New technology to improve cancer detection and treatment

A new device, developed by UTS researchers, can detect cancer cells without invasive and expensive surgery.

The mould of a new device to detect cancer.

The Static Droplet Microfluidic device is able to rapidly detect circulating tumour cells that have broken away from a primary tumour and entered the bloodstream. Photo by Dr Majid Warkiani.

Researchers from the University of Technology Sydney have developed a new device that can detect and analyse cancer cells from blood samples, enabling doctors to avoid invasive biopsy surgeries, and to monitor treatment progress.

Cancer is a leading cause of illness and death in Australia, with more than 150,000 Australians diagnosed every year. Those with suspected cancer, particularly in organs such as the liver, colon or kidney, often require surgery for a definitive diagnosis.

Professor Majid Warkiani from the UTS School of Biomedical Engineering said getting a biopsy can cause discomfort to patients, as well as an increased risk of complications due to surgery and higher costs, but an accurate cancer diagnosis is vital to effective treatment.

“Managing cancer through the assessment of tumour cells in blood samples is far less invasive than taking tissue biopsies. It allows doctors to do repeat tests and monitor a patient’s response to treatment,” he said.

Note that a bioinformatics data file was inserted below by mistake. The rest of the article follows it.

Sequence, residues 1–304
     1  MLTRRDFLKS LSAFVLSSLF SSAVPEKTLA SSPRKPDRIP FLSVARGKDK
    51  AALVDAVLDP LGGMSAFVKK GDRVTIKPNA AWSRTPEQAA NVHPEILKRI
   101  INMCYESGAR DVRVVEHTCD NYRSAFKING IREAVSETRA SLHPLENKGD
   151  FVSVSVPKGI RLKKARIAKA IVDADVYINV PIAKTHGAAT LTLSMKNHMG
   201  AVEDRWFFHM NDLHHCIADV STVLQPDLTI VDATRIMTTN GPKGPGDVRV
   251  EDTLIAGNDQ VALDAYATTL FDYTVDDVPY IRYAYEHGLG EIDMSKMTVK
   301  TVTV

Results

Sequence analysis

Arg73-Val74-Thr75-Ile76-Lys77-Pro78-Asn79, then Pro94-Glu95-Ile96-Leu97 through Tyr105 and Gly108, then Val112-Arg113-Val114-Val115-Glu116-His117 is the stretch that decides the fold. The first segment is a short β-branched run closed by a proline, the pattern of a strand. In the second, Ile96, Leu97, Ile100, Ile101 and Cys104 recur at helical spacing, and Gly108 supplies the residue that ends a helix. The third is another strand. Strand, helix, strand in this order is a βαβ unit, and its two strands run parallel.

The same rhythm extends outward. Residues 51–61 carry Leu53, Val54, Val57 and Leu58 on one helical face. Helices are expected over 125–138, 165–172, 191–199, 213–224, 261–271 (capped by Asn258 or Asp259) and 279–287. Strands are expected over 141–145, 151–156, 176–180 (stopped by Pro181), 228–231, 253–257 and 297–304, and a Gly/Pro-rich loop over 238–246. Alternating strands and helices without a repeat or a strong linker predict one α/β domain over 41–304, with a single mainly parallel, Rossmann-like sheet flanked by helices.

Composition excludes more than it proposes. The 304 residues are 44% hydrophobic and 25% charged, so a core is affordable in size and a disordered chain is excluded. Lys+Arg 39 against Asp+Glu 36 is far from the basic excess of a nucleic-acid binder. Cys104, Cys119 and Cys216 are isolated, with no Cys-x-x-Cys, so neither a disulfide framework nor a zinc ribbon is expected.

The Static Droplet Microfluidic device is able to rapidly detect circulating tumour cells that have broken away from a primary tumour and entered the bloodstream. The device uses a unique metabolic signature of cancer to differentiate tumour cells from normal blood cells.

The study, Rapid metabolomic screening of cancer cells via high-throughput static droplet microfluidics, has just been published in the peer-reviewed scientific journal, Biosensors and Bioelectronics.

 “In the 1920s, Otto Warburg discovered that cancer cells consume a lot of glucose and so produce more lactate. Our device monitors single cells for increased lactate using pH sensitive fluorescent dyes that detect acidification around cells,” said Professor Warkiani.

“A single tumour cell can exist among billions of blood cells in just one millilitre of blood, making it very difficult to find. The new detection technology has 38,400 chambers capable of isolating and classifying the number of metabolically active tumour cells,” he said.

Once the tumour cells are identified with the device, they can undergo genetic and molecular analysis, which can aid in the diagnosis and classification of the cancer and inform personalised treatment plans.

Circulating tumour cells are also precursors of metastasis – where cancer migrates to distant organs – which is the cause of 90% of cancer-associated deaths. Studying these cells may provide insights into the biology of cancer metastasis, which can inform the development of new treatments.

Existing liquid biopsy technologies are time-consuming, expensive and rely on skilled operators, limiting their application in clinical settings.

This new technology is designed for integration into research and clinical labs without relying on high-end equipment and trained operators. This will enable doctors to diagnose and monitor cancer patients in a practical and cost-effective manner.

The UTS research team has filed a provisional patent for the Static Droplet Microfluidic device and has plans to commercialise the product.

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